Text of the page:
MoPac

Central Texas Regional Mobility Authority

The first stretch of a toll lane project on MoPac opens Saturday more than a year behind schedule. The northbound, north end segment of the MoPac Express Lane will open from about 2222 to a mile before Parmer Lane. Tolls start at 25 cents and as traffic volume goes up, so will the tolls, with the goal of keeping that one lane flowing at a minimum speed of 45 miles per hour. The MoPac Improvement Project was supposed to open in late 2015. Both sides have blamed each other for delays – the...

Jorge Sanhueza Lyon for KUT News

The new sound walls along MoPac are designed to reduce traffic noise from the highway going into surrounding neighborhoods, but some wonder if the new construction could become a target for vandals.

Jillian Schantz Patrick for KUT News

Austin's traffic problems are pretty much woven into the fiber of this city at this point. We've got the most congested roadway in the state in I-35, which causes plenty of traffic-related frustrations for many a commuter, but we've also got 10 other roadways on the list of the top 100 most congested roadways.

CTRMA Announces MoPac Project Delay, Again

Jul 30, 2015
MoPac Improvement Project

From our city reporting partner, the Austin Monitor : Mike Heiligenstein, the executive director for the Central Texas Regional Mobility Authority, told board members Wednesday that the MoPac Improvement Project is expected to be fully operational sometime in the second half of 2016, a far cry from its originally stated Sept. 17, 2015, completion date . Lead contractor CH2M Hill is responsible for the design and construction of CTRMA’s express lane project , which affects MoPac from Cesar Chavez Street to Parmer Lane. But the originally budgeted $200 million proposal has seen numerous delays because of labor shortages, drilling problems, weather issues, continual run-ins with unidentified utility infrastructure and debatably differing site conditions than those originally agreed upon, Heiligenstein said.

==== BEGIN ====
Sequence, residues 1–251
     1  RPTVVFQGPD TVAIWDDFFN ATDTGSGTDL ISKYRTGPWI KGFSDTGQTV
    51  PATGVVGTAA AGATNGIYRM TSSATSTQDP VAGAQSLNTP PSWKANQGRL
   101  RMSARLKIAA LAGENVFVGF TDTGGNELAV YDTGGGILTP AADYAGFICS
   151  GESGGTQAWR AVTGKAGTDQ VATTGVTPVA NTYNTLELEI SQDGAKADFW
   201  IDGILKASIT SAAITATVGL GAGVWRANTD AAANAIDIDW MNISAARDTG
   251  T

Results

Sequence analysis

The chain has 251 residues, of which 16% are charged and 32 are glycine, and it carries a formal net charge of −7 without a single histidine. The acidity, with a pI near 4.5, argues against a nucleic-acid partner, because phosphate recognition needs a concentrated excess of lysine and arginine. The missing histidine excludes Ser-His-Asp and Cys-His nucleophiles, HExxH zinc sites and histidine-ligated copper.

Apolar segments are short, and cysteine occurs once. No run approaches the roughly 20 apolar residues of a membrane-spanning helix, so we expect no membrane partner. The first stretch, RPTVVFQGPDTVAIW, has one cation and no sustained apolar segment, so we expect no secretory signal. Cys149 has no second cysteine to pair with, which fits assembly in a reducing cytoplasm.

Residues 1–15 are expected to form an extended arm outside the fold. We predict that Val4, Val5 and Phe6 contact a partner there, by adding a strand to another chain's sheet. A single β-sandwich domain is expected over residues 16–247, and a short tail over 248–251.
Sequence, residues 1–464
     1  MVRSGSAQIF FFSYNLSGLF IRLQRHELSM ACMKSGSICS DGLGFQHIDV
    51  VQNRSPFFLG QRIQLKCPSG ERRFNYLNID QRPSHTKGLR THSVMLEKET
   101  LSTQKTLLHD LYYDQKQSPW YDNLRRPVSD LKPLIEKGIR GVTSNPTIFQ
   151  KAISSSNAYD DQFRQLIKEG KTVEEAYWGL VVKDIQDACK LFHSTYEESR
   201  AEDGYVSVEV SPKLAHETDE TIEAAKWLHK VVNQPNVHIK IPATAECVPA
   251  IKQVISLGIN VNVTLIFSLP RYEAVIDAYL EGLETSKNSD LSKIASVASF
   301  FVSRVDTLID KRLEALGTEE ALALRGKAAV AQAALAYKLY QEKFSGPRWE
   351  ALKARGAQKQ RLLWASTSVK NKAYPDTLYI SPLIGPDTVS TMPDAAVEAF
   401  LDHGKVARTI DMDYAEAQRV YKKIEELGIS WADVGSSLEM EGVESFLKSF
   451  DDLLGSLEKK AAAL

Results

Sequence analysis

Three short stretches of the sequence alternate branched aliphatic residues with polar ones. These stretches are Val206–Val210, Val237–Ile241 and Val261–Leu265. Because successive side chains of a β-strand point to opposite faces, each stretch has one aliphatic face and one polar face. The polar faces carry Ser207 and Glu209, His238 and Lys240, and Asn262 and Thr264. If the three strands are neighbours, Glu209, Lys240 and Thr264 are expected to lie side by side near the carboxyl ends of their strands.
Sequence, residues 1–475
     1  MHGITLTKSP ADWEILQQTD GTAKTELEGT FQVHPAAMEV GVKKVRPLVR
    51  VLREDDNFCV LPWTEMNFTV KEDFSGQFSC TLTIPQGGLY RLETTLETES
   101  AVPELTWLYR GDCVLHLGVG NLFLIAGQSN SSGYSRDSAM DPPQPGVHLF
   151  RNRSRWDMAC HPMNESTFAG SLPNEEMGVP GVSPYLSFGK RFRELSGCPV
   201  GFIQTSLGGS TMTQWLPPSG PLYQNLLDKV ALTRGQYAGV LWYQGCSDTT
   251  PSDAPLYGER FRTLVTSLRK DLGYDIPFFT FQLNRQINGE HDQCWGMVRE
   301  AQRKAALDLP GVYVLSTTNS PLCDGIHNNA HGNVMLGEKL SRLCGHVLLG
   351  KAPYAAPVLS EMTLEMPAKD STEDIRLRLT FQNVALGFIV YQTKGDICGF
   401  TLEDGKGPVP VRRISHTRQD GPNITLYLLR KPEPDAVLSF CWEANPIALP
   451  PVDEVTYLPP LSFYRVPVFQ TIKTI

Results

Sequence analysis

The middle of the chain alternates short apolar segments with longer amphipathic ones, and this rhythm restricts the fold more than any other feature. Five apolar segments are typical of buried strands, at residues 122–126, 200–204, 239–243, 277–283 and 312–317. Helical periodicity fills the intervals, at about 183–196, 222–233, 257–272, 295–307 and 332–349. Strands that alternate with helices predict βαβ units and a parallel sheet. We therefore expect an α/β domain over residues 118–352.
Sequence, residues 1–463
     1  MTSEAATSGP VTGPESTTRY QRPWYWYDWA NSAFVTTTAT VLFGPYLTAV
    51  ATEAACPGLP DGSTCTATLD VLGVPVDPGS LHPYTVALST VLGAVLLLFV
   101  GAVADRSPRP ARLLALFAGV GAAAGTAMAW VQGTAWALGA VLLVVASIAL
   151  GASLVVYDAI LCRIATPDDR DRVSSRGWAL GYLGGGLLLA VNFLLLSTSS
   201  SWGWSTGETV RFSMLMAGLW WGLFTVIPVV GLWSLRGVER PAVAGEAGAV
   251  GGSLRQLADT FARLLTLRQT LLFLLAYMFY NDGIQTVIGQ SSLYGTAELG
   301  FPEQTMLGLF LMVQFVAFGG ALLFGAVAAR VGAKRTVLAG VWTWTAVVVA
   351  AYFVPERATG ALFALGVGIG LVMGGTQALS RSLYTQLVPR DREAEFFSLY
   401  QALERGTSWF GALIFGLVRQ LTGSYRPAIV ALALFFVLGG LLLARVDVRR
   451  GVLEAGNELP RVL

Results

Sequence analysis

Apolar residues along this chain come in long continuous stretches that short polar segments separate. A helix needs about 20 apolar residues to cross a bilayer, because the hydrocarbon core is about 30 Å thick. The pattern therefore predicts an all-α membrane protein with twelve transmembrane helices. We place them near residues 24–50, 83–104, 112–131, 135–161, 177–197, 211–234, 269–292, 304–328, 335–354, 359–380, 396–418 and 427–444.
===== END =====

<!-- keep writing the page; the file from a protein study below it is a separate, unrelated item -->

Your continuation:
Miguel Gutierrez, Jr./KUT News

KUT and our city hall reporting partner the Austin Monitor are looking at needs that have typically been paid for by the state, but have become local responsibilities. Some call them unfunded mandates. KUT News and the Austin Monitor will look at key examples of that interaction in our series, “ The Buck Starts Here.” Today, we take on Austin’s highways. You can read Tyler Whitson's companion piece over at the Austin Monitor. We hear it all the time: Austin’s growing too fast, and we don’t have enough housing or roads for the people already here, not to mention the million more people that will be in the region in a little over a decade . To better accommodate an influx of people and cars, new additions are being planned for several of the region’s major highways. But there’s no such thing as a free ride on most of these new lanes, and to understand why, it helps to do a little time traveling.

Texas Department of Transportation

Austin City Manager Marc Ott has asked the Texas Department of Transportation (TxDOT) to reconsider its environmental impact study on State Highway 45 Southwest . The proposed extension would connect South MoPac and FM-1626 in northern Hays County. In a letter to TxDOT, Ott also asked the department to expand the public comment period ahead of tonight's final public input meeting at Bowie High School.

Wells Dunbar, KUT News